The Quakers had a purpose-built brick house in Schoolhouse Lane, Ratcliff (Brook Street), for 500, and a meeting place for 500 in Westbury Street.

Baptists met at the houses of Thomas Launder, a rich butcher, in Limehouse, where the congregation was 100, and of Mr Cherry in Poplar, where Launder was the preacher. In Wapping, they had a purpose-built house in Artichoke Lane, with a congregation of 200, as well as the old meeting house in Meeting House Alley.

In addition to the congregation who shared the Meeting House Alley building with the Baptists and the Stepney Meeting at Greenhill’s house, Independents also met in Rose Lane, Spitalfields, at a house in Bethnal Green, and at a house in Red Maid Lane, Wapping, with a congregation of 300.

The Baptists and Independents were said to assemble daily at one or other of their meeting houses, and to baptise many of the children of the parish.

Mead was called back to Stepney in 1669 as the assistant to Greenhill, and shortly after Greenhill’s death in 1671 he was called to succeed him as pastor. Mead was ordained on 14 December 1671 by John Owen, Joseph Caryl and two others.

Mead’s congregation was the largest in London. On 1 May 1674, he instituted a May Day sermon to the young; he always held a Good Friday service. A meeting house was built for him in Stepney in 1674 on a piece of ground to the west of Saint Dunstan’s Church, south of Stepney Green and near what is now the corner of Stepney Way and Garden Street.

The meeting house opened on 13 September 1674. The roof was upheld by four round pine pillars, presented to Mead by the States of Holland. An attic above the ceiling had a concealed entrance, designed as a hiding-place for the congregation in troubled times.

Sir William Smith, the lieutenant of the Tower Hamlets, took a strong guard with him when he broke into the meeting house in December 1682, pulled down the pulpit, and broke up the benches.

Mead was apprehended in June 1683 on suspicion of complicity in the Rye House Plot. After his release, he was implicated in Monmouth’s Rebellion, and fled to the Netherlands once again in 1686 an stayed in Amsterdam and Utrecht. But he returned to Stepney after James II’s declaration on liberty of conscience in 1687.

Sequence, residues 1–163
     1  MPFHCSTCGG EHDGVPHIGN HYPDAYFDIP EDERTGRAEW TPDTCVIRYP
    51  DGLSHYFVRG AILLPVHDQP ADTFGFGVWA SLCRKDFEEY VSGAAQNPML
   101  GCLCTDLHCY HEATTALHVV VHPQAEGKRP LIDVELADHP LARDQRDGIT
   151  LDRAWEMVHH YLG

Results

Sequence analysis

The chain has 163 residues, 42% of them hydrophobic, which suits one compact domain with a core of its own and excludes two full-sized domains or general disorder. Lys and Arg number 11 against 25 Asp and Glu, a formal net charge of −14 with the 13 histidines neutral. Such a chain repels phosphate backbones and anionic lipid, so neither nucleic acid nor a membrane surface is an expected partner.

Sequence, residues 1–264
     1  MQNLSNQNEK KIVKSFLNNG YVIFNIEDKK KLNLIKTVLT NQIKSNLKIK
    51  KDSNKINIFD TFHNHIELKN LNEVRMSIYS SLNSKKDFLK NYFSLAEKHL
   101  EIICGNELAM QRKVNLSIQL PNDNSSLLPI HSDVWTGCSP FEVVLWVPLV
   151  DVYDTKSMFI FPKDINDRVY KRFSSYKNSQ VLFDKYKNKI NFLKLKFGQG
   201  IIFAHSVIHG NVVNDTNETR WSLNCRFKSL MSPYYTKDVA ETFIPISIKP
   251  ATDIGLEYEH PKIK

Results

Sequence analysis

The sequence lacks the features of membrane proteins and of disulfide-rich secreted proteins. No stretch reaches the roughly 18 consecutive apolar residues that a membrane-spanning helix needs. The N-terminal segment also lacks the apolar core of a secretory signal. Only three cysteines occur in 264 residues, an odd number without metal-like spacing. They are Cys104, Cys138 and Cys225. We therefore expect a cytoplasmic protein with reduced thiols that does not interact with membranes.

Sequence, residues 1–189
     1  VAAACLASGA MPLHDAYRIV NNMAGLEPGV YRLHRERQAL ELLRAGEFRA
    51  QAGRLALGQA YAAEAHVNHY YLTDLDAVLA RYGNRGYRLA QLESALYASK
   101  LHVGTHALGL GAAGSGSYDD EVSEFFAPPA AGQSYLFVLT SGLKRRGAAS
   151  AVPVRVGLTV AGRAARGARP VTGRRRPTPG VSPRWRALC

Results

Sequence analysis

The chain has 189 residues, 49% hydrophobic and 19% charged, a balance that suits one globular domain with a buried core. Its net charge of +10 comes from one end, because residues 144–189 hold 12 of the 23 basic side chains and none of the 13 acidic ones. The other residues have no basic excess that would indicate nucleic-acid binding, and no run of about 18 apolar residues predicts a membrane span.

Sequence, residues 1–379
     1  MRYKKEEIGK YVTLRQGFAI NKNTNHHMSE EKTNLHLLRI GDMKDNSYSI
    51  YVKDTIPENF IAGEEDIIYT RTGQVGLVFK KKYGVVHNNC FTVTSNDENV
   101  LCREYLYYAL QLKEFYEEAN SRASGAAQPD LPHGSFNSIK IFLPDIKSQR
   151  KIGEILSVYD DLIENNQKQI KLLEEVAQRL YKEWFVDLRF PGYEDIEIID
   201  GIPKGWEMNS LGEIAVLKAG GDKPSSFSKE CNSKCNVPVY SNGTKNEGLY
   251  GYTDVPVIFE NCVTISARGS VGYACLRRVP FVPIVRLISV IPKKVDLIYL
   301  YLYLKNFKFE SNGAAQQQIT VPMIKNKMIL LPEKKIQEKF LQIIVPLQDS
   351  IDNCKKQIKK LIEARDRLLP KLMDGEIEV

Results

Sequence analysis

After the Williamite Revolution, galleries were built in the meeting house in 1689, and the adjoining residence and garden were settled by the congregation on Mead and his heirs.

Mead supported the movement initiated by John Howe for an amalgamation of the Presbyterian and Congregationalist bodies. The ‘happy union’ held its meeting at Stepney on 6 April 1691, when Mead preached. When the union broke up in 1694 over the alleged heresies of Daniel Williams, Mead took a moderate part.

Mead preached his last sermon on May Day 1699. He died on 16 October 1699, aged 70, and was buried in Stepney churchyard, near the south door of Saint Dunstan’s Church.

The ‘Old Meeting House’ was demolished in 1863 and a new Meeting House was built close by on the same piece of ground. It was badly bombed during the Blitz in World War II, and the remains of this were demolished in 1950 and the site was incorporated into Stepney City Farm.

A third Meeting House was built and opened in 1960. This was on the south side of Stepney Way, on the corner with Copley Street. When the Congregational Church of England and Wales and the Presbyterian Church of England amalgamated and formed the United Reformed Church in 1972, Stepney Meeting joined up with the John Knox Presbyterian Church some 400 yards further west along Stepney Way.

For a short while, both buildings continued to be used for worship. But in 1976 the building on the corner with Copley Street was sold to the John Cass Foundation for use as a school chapel. The United Church, now worshipping in what had been the John Knox Church, decided to use the name Stepney Meeting House.

John Knox Presbyterian Church, on Stepney Way, was founded in 1844. The church was built on the site of what is now Clichy House. The street at that time was Green Street, but the address of the church was Oxford Street, the name the street took just one block west. The whole street is now Stepney Way.

Redevelopment after the war led to the destroyed church being rebuilt in 1955, 55 yards to the west, and known as John Knox Presbyterian Church. Then, at the formation of the United Reformed Church in 1972, John Knox Church merged with and took on the name of Stepney Meeting House.

Stepney Meeting House … part of the United Reformed Church formed in 1972 (Photograph: Patrick Comerford, 2023)

Praying in Ordinary Time
with USPG: 14 February 2023

The shrine of Saint Valentine in the Carmelite Church at Whitefriar Street, Dublin (Photograph: Patrick Comerford, 2021)

Patrick Comerford

These weeks, between the end of Epiphany and Ash Wednesday, are known as Ordinary Time. We are in a time of preparation for Lent, which in turn is a preparation for Holy Week and Easter.

Before today becomes a busy day, I am taking some time for prayer and reflection early this morning.

In these days of Ordinary Time before Ash Wednesday later this month (22 February), I am reflecting in these ways each morning:

1, reflecting on a saint or interesting person in the life of the Church;

2, one of the lectionary readings of the day;